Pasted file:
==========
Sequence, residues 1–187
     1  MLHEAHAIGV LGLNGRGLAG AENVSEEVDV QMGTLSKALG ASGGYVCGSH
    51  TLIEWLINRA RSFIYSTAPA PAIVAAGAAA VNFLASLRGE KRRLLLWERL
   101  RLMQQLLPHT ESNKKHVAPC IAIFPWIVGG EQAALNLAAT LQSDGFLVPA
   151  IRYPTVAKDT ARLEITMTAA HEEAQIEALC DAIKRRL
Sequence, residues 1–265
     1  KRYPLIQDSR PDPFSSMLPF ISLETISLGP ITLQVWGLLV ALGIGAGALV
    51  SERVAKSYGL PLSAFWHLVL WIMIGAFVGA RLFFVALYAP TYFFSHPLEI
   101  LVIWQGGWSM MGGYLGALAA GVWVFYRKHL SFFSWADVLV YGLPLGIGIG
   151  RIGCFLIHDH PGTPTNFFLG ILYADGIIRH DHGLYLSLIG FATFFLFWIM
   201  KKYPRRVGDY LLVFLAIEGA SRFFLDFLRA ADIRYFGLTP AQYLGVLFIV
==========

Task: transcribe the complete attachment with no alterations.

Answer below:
Sequence, residues 1–187
     1  MLHEAHAIGV LGLNGRGLAG AENVSEEVDV QMGTLSKALG ASGGYVCGSH
    51  TLIEWLINRA RSFIYSTAPA PAIVAAGAAA VNFLASLRGE KRRLLLWERL
   101  RLMQQLLPHT ESNKKHVAPC IAIFPWIVGG EQAALNLAAT LQSDGFLVPA
   151  IRYPTVAKDT ARLEITMTAA HEEAQIEALC DAIKRRL
Sequence, residues 1–265
     1  KRYPLIQDSR PDPFSSMLPF ISLETISLGP ITLQVWGLLV ALGIGAGALV
    51  SERVAKSYGL PLSAFWHLVL WIMIGAFVGA RLFFVALYAP TYFFSHPLEI
   101  LVIWQGGWSM MGGYLGALAA GVWVFYRKHL SFFSWADVLV YGLPLGIGIG
   151  RIGCFLIHDH PGTPTNFFLG ILYADGIIRH DHGLYLSLIG FATFFLFWIM
   201  KKYPRRVGDY LLVFLAIEGA SRFFLDFLRA ADIRYFGLTP AQYLGVLFIV